Why do carts only have swivel casters in the front in some countries, while in other countries, it’s all fours?

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I can’t help but notice that the back wheels of shopping carts are fixed in the States and Canada because I recall such being not so much the case in other countries like Japan and South Korea where the shopping carts there are all swivel casters (yes, that’s including the back wheels!) with some additional grooves on one of the back wheels to keep it from falling down when customers go up these moving rampways (they’re kinda designed like escalators but instead of individual staircases they’re flat tiles forming a ramp to allow the shopping carts to also go up the floors with the customers).

In: Engineering

5 Answers

Anonymous 0 Comments

Other countries generally have smaller stores with tighter aisles than American supermarkets. People can use the tighter turning radius all four casters can provide. Here it isn’t really necessary so they save the cost.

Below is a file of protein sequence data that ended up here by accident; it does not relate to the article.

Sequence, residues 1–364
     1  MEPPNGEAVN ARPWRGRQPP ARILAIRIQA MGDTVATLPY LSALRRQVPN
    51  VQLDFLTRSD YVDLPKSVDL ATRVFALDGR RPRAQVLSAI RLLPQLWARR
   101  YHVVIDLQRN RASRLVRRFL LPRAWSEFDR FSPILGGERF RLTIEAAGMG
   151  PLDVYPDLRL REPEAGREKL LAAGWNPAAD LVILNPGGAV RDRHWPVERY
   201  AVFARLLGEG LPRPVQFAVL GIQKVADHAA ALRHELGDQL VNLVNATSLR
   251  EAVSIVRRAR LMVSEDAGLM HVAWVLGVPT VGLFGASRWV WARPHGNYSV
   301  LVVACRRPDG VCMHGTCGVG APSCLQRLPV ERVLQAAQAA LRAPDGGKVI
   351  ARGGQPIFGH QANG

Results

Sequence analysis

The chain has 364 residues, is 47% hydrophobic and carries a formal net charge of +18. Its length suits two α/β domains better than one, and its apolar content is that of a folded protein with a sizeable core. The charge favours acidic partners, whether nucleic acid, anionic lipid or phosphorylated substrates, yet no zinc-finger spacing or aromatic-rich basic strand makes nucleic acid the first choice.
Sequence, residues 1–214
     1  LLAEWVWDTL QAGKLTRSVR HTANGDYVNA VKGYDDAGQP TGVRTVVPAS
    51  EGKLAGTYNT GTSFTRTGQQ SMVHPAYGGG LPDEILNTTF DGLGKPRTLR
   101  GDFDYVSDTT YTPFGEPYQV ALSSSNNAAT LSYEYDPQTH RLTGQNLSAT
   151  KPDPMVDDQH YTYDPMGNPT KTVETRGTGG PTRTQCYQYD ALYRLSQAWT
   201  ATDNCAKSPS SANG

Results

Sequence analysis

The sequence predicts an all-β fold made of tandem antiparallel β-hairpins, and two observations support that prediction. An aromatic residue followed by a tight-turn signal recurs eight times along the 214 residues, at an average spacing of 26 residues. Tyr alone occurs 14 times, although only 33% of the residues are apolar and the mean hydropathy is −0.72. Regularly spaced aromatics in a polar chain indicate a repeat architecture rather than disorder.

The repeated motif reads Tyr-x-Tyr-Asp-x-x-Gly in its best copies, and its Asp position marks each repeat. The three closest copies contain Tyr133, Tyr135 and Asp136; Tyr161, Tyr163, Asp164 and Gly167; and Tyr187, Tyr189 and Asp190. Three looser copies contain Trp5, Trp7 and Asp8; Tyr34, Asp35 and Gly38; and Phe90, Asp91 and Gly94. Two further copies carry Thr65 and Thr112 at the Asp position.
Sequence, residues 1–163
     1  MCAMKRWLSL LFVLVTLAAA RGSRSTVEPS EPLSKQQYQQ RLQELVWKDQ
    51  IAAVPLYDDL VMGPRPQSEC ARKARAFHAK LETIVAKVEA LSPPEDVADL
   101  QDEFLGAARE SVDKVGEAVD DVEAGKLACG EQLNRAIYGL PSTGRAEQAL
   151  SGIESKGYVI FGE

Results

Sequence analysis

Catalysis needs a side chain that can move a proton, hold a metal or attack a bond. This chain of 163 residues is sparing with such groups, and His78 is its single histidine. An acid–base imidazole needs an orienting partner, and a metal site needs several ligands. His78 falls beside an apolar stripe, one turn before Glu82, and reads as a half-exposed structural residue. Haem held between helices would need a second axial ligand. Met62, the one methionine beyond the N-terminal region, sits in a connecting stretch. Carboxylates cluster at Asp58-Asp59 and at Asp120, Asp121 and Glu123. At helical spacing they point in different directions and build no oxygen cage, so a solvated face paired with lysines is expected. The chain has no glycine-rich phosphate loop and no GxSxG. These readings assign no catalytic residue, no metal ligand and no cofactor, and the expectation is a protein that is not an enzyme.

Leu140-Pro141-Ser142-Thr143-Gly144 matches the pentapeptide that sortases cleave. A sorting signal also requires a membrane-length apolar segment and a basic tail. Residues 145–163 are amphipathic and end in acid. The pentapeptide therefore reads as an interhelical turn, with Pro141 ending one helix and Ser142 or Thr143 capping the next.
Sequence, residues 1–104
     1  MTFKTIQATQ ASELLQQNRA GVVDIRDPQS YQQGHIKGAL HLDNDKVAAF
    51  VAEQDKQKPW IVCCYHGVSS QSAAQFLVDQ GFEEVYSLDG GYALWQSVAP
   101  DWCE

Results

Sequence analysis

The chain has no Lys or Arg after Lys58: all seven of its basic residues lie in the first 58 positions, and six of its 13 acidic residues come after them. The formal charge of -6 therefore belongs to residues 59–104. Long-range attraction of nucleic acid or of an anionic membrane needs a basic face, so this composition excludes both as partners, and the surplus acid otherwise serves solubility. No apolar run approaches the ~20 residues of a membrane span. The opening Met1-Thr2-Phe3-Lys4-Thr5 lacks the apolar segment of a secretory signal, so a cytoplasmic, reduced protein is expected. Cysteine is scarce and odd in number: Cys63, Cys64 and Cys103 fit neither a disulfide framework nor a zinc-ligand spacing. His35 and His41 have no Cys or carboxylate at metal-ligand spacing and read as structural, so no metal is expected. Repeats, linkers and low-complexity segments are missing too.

Anonymous 0 Comments

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Anonymous 0 Comments

The US and Canada are huge, and therefore their shops are correspondingly big: wide, long aisles with deep cross-aisles giving plenty of room to swing a huge cart around with a fixed turning point. Other countries can’t afford to use so much real estate, so the shops are smaller with more compact spacing: a free moving cart is a lot more manageable there.

Anonymous 0 Comments

Can’t believe people in the Americans never get to experience a 360° rerack of a shopping trolley, or pretend drifting into the next aisle.

Anonymous 0 Comments

As one who has experienced both. Swivel casters on all 4 are the worse concept ever. I dislike the lack of control or extra struggle needed when cart is full.